When analysts and the business side leads do not work in tandem, it results in the development of corporate laboratories working on research and science rather than improved data-driven decision making.

5) Learning a tool means knowing data science

A professional who has taken a data science course is more than a programmer. Therefore, understanding a tool or a programming language alone won’t make you an efficient data scientist. You need to look beyond tools and algorithms by understanding the applications of different predictive modeling techniques.

Businesses don’t seek data scientists who only have tool expertise, but look for someone who understands varying data science concepts like programming, statistics, and most importantly business. Make sure you learn a business platform along with a tool. Get deeper into analytics and refine the skills on various tools to be a data scientist that businesses can rely on.

6) Data Science needs high Computing Power

Due to the hype of AI and big data, many people believe that they need parallel GPU-accelerated machines or huge clusters. Deep learning and neural networks sometimes need high computing power, but in most cases, this is not true. In most cases, you would require a PC with 64GB or 128GB of RAM for problems that can be solved with simple models. If that does not solve the problem, you could always invest a few hours on cloud systems every day to build and test a model.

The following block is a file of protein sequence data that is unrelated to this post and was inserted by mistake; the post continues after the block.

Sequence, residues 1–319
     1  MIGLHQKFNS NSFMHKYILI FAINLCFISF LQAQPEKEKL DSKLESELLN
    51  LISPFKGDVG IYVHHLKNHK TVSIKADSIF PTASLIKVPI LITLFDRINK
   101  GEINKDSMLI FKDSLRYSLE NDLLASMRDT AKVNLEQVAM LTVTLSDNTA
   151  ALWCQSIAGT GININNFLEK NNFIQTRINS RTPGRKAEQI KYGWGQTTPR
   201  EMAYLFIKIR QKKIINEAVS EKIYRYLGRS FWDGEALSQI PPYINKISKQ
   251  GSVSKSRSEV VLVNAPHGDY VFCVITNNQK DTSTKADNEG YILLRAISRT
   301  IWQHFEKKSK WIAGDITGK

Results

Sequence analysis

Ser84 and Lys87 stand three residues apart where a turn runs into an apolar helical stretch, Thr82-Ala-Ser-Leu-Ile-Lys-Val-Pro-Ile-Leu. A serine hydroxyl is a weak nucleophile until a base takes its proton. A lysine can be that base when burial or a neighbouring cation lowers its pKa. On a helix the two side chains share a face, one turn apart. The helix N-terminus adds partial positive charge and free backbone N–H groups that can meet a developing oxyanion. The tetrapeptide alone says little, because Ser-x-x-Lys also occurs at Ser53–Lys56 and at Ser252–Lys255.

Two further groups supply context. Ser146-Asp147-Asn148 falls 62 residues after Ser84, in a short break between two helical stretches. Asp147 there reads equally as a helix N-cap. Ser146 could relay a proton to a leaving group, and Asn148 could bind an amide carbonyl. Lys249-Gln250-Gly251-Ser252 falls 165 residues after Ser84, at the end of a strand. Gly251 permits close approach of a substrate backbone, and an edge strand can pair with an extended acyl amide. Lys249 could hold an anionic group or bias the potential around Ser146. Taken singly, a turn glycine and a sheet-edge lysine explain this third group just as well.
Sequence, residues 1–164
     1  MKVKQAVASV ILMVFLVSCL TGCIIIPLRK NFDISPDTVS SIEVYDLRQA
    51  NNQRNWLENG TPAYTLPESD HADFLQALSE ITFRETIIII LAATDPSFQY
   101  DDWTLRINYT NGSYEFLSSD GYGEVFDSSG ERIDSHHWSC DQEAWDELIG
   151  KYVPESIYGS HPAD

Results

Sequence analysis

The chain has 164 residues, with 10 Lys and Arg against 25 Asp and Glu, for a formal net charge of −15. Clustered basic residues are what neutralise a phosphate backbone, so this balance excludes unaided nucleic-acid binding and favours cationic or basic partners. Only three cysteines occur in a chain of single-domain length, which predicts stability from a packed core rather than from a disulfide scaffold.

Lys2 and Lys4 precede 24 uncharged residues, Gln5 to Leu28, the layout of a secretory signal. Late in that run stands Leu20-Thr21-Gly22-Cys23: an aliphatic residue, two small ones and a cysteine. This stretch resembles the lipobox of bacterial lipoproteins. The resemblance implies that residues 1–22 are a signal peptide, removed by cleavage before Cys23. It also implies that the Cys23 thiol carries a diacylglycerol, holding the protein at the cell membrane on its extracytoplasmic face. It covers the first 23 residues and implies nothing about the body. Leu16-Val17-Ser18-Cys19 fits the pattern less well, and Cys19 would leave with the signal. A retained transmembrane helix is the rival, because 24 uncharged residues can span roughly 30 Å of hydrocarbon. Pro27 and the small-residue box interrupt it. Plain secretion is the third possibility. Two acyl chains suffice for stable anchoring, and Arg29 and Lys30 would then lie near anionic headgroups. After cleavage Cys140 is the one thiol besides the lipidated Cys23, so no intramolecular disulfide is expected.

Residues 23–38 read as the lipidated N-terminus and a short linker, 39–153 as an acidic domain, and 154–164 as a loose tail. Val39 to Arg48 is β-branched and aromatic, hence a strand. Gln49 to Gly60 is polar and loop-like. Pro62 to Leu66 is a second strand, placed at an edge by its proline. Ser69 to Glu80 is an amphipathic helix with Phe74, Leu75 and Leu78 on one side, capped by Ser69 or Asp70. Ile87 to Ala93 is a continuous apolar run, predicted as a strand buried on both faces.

A cloud environment is required if data processing or data cleansing exceeds the capacity of a single node. Experts recommend it’s affordable to scale computing resources when required than to over-engineer a computing landscape that consumes time and money as compared to problem needs.

Final thoughts:

Being an entrepreneur, your main concern is how to outshine your competitors by providing better services by predicting customer buying patterns.

Data science has many benefits to offer and, as demonstrated above, the myths around data science aren’t always true. The critical step of implementing data science is to construct a methodological way to developing data driven actionable insights. With sorted data science requirements, the next step would be to use data for decision-making, by considering organizational cases as data problems.